Remembering ‘Black Jack’

Remembering ‘Black Jack’

SIr Jack receives his the Engineering Heritage Award for the BT19

Last Thursday I had the privilege of sitting down to afternoon tea with Australian racing driver John Harvey. While John might not be a household name across the pond, he holds rarefied status in Australian motor-sport as a master of speedway, touring car and open-wheeler racing. Harvey competed at the Australian Grand Prix no less than five times, finishing eighth in 1966 behind the podium winners of Graham Hill, Frank Gardner and Jim Clark in a Brabham-Ford BT14.

SIr Jack receives his the Engineering Heritage Award for the BT19
SIr Jack receives his the Engineering Heritage Award for the BT19

We had met to discuss John’s 1987 Spa 24 Hour race, but after enquiring as to what he was up to these days, John’s eyes began to widen…

“Oh I’m working with a friend of mine who has a race workshop at Kinglake West and we have restored a number of old open-wheeled race cars… We’re just tidying up the very first MRD…”

MRD (Motor Racing Developments) were the first cars to be born from the combined genius of Jack Brabham and good friend and aircraft engineer Ron Tauranac. The cars were originally named MRDs until somebody pointed out that if spoken quickly enough it sounded like “Merde” – the French for “shit”’! As a result Brabham agreed to use his own name instead, going on to become the only driver to win the Formula One World Championship in a car – the BT19 – bearing his own name – a feat unlikely ever to be repeated.

John’s anecdote took me back to March when Sir Jack was honoured alongside the BT19 at this year’s Australian Grand Prix as the latest recipient of the Engineering Heritage Awards – established by the Institution of Mechanical Engineers in 1984 to celebrate excellence in mechanical engineering.

As the latest recipient of this award, the Repco-Brabham BT19 joined the elite company alongside other winners including the world’s first vertical take-off/landing aircraft the Hawker Siddeley Harrier Jet and the world’s fastest steam locomotive, the Mallard Class A4 4468.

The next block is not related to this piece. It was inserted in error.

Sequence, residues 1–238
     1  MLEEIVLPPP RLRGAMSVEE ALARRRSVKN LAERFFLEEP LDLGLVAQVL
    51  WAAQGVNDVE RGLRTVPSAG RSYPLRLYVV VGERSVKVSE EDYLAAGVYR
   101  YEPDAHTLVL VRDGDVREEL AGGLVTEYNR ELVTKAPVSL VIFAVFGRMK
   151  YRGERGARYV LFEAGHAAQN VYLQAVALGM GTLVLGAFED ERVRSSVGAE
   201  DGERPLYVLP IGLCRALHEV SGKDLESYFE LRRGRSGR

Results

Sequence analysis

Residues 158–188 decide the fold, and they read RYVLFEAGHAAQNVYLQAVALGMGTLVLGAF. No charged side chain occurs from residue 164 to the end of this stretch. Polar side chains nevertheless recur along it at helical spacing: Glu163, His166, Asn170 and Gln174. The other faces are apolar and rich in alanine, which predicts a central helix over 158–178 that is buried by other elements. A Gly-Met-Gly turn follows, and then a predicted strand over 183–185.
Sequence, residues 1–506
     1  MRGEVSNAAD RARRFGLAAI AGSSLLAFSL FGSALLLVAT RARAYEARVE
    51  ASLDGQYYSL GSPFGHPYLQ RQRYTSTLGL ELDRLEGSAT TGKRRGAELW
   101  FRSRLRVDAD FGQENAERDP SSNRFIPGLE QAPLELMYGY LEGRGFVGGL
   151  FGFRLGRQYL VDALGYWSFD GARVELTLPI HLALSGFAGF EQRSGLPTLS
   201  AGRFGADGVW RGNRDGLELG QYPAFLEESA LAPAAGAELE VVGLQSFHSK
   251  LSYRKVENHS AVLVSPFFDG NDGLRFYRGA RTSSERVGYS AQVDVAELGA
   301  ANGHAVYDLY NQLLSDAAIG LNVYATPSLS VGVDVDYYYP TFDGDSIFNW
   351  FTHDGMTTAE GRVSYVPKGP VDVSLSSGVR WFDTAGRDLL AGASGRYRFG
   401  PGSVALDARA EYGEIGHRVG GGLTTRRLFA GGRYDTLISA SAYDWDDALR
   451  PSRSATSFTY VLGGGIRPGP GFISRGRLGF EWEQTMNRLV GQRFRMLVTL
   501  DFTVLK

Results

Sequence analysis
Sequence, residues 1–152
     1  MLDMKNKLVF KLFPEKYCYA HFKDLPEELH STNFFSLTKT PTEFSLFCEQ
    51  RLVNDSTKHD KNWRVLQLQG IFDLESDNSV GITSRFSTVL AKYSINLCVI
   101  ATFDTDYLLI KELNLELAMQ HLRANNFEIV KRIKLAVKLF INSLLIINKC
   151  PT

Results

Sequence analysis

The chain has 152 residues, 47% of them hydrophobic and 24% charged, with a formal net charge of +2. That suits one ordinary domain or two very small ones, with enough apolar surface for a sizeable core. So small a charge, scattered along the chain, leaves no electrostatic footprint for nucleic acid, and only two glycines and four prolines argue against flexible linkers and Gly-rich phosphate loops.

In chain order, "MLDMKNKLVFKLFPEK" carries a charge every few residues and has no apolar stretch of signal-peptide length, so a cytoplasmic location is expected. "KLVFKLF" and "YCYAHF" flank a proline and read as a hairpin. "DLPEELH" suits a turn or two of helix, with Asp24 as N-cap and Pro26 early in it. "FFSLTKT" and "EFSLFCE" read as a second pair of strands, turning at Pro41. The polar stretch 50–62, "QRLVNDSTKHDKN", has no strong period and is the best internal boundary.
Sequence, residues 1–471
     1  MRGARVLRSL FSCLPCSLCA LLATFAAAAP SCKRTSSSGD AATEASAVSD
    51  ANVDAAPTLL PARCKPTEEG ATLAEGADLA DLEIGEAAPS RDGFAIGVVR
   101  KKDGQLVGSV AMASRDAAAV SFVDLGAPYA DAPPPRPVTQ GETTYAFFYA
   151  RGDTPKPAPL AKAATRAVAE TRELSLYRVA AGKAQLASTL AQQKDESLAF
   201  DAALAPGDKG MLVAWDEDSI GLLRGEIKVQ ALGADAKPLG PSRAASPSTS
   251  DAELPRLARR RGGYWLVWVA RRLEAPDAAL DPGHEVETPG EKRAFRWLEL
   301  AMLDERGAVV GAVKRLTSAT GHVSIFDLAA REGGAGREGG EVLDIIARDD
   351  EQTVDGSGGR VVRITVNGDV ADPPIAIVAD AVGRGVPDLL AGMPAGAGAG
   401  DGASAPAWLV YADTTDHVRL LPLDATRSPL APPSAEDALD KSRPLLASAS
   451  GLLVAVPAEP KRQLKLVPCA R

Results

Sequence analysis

You simply could not move as Sir Jack was brought on stage for the momentous occasion, with the assembled gallery being thicker than rush hour at Mecca. But this was hardly surprising given that Jack was in effect, our ‘Mecca’. With Jack in poorer health the hordes had come out of the wood-work like lapsed Catholics to pay their respect.

Surprisingly it was only a year ago that Sir Jack slipped largely unnoticed through the Formula One paddock whilst the current ‘movers and shakers’ sipped cappuccinos and engaged in general pretence. Ironic given their shaky status has been largely built on the broad shoulders of Sir Jack and so many of his contemporaries. That the foundations of the Ecclestone empire were built on his purchase of the Brabham team – by dint of coercing Ron Tauranac into a counterproductive sale – only further serves to remind how twisted the sport has become since those glorious days.

Without Jack it is unlikely men like Alan Jones, Tim Schenken, Larry Perkins, Vern Schuppan, Frank Gardner, Mark Webber or Daniel Ricciardo would have even considered planting their bum in a single-seater. It also questions whether Ron Dennis (an ex-Brabham mechanic) would have gone on to set up his own F2 team Rondel Racing, which became the foundations of Project 4 and ultimately the rebirth of the McLaren behemoth.


Today, Australian Football legend Tommy Hafey was farewelled in a moving funeral at the Melbourne Cricket Ground which also houses the National Sports Museum. As helicopters circled overhead, I wonder how many would have spared a thought for the BT19 sitting silently within the museum’s confines?

Not only has Australia lost our greatest sportsman alongside Don Bradman, but today Formula One has lost a crucial part of its DNA. In the 1840’s, Thomas Carlyle argued that great men could have a decisive historical impact through their charisma, wisdom and intelligence. In the 1860’s Herbert Spencer argued that great men are the products of their societies, and that their actions would be impossible without the social conditions built before their lifetimes.

No-one would argue that in Sir Jack’s case both these views are true. The anomaly is that his feats are unlikely ever to be repeated. Let us make sure his immeasurable accomplishments live on.

Rest in Peace Black Jack.

Images courtesy of RichlandF1 and